Alcoholism: The Drinking Man’s Disease -- By: W. Lyman Ferrell
FM 9:2 (Spring 1992) p. 79
Alcoholism: The Drinking Man’s Disease
In the back of the hymnal the church covenant was glued, stating “I will refrain from the sale or use of alcoholic beverages.” The Free Will Baptist Church of my childhood tried to discourage drinking, but they didn’t succeed any better than the “other” Baptists, the Methodists, the Presbyterians or the Pentecostals. Men and women went to church, read the covenant, believed it, left church and occasionally drank alcoholic beverages. Some became addicted. Some of the women drank at home and became “closet” alcoholics. Some of those who lived by the covenant severely criticized those who became addicted; few of those who lived by the covenant understood addicted behavior.
Imagine yourself a fish, a member of a large school, swimming near the surface of the water, hunting for food, and generally frolicking in synchronization with your family of same-species fish. Imagine further that one of your relatives spots a lure streaking through the water, reflecting in the sun as well as the promise of a tasty snack. Cousin Snail Darter races towards the lure, pauses to sniff and lunges to swallow the bait. Immediately, the hooked fish begins a different dance: thrashing, pulling, jumping and diving while no other member of the school comprehends any problem. Soon the hooked fish is pulled out of the water—-gone forever—none of his relatives the wiser, as far as we know. No one in the school can imitate his movement; no one knows where he went; no one understands why he is gone. There is no way a free fish can understand a hooked fish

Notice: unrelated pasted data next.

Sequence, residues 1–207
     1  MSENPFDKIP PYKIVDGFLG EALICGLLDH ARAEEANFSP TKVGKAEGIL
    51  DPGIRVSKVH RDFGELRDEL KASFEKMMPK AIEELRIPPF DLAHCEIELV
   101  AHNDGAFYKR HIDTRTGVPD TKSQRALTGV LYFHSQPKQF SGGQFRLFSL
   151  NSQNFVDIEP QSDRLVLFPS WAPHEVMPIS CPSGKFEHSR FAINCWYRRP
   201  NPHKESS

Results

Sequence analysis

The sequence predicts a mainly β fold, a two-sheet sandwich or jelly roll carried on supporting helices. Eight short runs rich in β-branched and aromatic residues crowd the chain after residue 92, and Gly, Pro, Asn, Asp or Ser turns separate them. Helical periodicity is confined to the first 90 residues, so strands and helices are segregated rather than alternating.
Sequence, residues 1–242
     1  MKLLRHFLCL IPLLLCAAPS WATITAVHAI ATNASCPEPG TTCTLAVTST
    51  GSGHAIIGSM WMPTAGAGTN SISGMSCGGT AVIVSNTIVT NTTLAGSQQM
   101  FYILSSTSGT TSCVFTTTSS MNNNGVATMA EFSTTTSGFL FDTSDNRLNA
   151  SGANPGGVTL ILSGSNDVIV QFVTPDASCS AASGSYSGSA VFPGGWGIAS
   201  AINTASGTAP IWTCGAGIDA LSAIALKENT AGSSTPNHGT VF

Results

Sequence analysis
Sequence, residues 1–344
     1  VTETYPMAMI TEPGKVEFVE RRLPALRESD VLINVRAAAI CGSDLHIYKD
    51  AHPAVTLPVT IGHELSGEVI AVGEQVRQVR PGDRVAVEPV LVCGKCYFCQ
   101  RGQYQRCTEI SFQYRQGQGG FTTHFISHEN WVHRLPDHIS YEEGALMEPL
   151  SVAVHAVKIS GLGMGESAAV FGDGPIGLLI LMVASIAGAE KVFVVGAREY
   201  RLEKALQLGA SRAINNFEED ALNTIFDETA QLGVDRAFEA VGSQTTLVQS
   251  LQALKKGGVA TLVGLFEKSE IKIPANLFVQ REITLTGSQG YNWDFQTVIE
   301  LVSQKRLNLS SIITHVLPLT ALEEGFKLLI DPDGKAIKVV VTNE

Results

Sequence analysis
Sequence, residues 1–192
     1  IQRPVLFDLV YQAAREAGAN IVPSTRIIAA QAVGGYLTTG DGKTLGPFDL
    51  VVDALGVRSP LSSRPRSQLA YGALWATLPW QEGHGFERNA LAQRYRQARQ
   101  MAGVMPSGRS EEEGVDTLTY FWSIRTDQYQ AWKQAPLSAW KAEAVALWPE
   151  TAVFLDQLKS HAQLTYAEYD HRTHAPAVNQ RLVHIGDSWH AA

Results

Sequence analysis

Understanding that any analogy pushed far enough will break down, imagine further that the hooked fish’s brothers and sisters did remember him on the evening of his departure and discussed his last-hour predicament. They could have described the behavior of the lost fish just as Siegler et al. (1968, pp. 573-581) described eight models of alcoholism:
1. The Impaired Model. The caught 0ost) fish is just that way; he has a defect of character, constitution or mind. His impairment led to his destruction. This model does not present an explanation of cause; there is no treatment and there will be no change. For unknown reasons the lost fish was “just that way.”
Chuck’s family talked about him after he had been readmitted for treatment. With a touch of sadness and a hint of condescension his wife described him as having a fatal flaw. “He just can’t leave the bottle alone,” she concluded with a sigh. She had no idea of just how much she had helped him to decide to “fall off the wagon” just days after his return home from treatment.
2. “Dry” Moral Model. The alcoholic has a moral weakness; h...
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